A mermaid is one of the most popular legendary aquatic creatures known to have the head of a human and the tail of a fish. In some temples and shrines in Japan, you may be able to see some of these creatures mummified in boxes. They originated from the Edo Period (during the 18th and 19th centuries) where they became a common sight for many carnivals.
Sideshow Carnivals or “Misemono” were very important part of the urbanized life of the Edo Period. They were clearly distinct from other performances due to their crudeness. Most of them were put up unhampered and in a hurry so as to provide funds for temples and shrines. Many of them provided crafts, acrobats and animals in blended attractions as these were believed to bring good fortune. One of the creatures being shown was the mermaid which brought about the practice of mermaid mummification. The technique was perfected by fishermen by stitching a monkey’s upper body into the tails of fish. Some of these mummies can still be found in Japanese temples and shrines throughout the country.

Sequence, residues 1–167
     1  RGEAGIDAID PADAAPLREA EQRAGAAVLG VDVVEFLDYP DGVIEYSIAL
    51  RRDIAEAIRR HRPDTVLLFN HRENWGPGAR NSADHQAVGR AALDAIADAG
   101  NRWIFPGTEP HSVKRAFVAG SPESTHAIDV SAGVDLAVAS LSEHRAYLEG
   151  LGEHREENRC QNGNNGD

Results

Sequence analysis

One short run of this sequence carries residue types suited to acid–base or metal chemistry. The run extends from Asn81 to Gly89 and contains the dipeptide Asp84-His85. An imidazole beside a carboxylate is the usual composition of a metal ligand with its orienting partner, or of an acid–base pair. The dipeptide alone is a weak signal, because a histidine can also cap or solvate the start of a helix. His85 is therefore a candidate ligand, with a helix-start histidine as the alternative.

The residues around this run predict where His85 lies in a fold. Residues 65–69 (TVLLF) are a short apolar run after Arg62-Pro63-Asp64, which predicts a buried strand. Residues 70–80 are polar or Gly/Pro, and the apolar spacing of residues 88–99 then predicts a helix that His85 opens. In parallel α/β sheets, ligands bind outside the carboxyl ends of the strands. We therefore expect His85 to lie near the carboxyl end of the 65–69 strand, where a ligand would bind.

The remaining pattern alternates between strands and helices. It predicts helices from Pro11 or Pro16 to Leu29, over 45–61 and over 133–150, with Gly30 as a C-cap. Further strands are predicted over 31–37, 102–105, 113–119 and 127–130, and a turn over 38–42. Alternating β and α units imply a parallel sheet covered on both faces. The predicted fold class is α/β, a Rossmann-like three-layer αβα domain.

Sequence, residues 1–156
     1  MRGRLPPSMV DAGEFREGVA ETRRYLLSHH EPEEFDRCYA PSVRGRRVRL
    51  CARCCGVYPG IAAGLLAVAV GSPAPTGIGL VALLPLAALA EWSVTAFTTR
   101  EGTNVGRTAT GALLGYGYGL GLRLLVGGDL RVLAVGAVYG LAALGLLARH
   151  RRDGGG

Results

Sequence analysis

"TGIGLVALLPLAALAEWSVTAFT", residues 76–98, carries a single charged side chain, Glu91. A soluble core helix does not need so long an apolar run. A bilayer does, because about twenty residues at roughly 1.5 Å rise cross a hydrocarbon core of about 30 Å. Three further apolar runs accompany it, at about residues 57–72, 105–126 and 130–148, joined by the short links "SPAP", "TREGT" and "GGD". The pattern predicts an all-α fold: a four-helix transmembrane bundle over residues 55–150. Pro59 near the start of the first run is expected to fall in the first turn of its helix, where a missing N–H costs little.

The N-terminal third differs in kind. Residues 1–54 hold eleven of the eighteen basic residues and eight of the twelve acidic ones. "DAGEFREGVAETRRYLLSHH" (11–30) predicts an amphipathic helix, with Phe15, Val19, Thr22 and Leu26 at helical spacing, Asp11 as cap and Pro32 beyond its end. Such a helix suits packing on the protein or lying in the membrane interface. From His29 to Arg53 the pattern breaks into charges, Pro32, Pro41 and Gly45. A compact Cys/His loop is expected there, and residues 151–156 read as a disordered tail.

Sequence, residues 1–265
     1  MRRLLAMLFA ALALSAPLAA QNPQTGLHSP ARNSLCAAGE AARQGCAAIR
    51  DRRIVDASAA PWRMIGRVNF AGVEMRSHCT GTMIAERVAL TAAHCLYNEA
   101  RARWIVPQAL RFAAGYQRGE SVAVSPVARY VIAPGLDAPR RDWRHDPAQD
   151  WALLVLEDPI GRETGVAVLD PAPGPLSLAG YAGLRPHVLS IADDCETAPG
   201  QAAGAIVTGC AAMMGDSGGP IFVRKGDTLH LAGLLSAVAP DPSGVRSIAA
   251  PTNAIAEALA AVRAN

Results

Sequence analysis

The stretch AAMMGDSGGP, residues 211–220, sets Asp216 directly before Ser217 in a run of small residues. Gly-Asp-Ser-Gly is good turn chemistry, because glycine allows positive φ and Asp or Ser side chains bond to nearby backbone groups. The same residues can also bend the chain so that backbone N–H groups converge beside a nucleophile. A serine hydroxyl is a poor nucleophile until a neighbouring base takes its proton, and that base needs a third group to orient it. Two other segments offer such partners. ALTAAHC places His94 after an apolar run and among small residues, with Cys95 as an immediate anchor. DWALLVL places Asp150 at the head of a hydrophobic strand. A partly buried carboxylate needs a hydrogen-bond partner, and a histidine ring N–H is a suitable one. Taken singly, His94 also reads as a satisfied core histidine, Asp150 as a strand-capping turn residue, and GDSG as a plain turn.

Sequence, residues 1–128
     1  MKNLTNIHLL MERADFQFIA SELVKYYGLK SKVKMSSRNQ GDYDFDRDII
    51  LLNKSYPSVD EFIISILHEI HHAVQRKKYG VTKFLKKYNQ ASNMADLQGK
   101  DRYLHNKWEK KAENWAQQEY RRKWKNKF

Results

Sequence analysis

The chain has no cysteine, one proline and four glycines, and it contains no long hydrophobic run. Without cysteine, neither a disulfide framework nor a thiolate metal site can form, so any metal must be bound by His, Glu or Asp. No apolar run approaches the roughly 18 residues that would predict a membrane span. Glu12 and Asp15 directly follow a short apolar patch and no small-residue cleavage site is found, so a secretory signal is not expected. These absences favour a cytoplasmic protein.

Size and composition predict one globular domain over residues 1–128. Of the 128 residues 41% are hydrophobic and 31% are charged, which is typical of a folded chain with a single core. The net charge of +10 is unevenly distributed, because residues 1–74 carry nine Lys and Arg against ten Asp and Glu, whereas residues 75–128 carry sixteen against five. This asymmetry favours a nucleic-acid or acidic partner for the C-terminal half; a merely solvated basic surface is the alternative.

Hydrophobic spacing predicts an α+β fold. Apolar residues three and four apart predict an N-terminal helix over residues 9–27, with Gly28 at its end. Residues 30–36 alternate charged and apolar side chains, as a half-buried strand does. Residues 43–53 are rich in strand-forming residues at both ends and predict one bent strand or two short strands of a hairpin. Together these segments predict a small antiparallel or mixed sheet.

— 小鳥遊 葵 / ずっと君を想う。 (@aoitakanashi191) March 9, 2016
The oldest mermaid mummy which is reportedly 1,400 years old is being cared for at the Tensho-Kyosha Shrine. It is also believed to be the first of the Fiji Mermaids. A story has been told about its existence long time ago at Lake Biwa where it first appeared to Prince Shotoku, a semi-legendary regent and politician. The creature spoke in its last breath that it used to be a fisherman but was cursed into becoming a beast because of trespassing in protected waters. It also requested the prince to find a shrine where his horrible, mummified remains could be displayed as a warning and example to those fishermen in the sea. From then on, it became a learning lesson of the importance of life. Many people visit the shrine to remember its teachings.
The original temple seems to have had many misfortunes and it was moved from one place to another until it finally settled in its current location.
There are so many legends claiming the existence of mermaids in Japan. Whether you believe in it or not, it is still an interesting story to look into!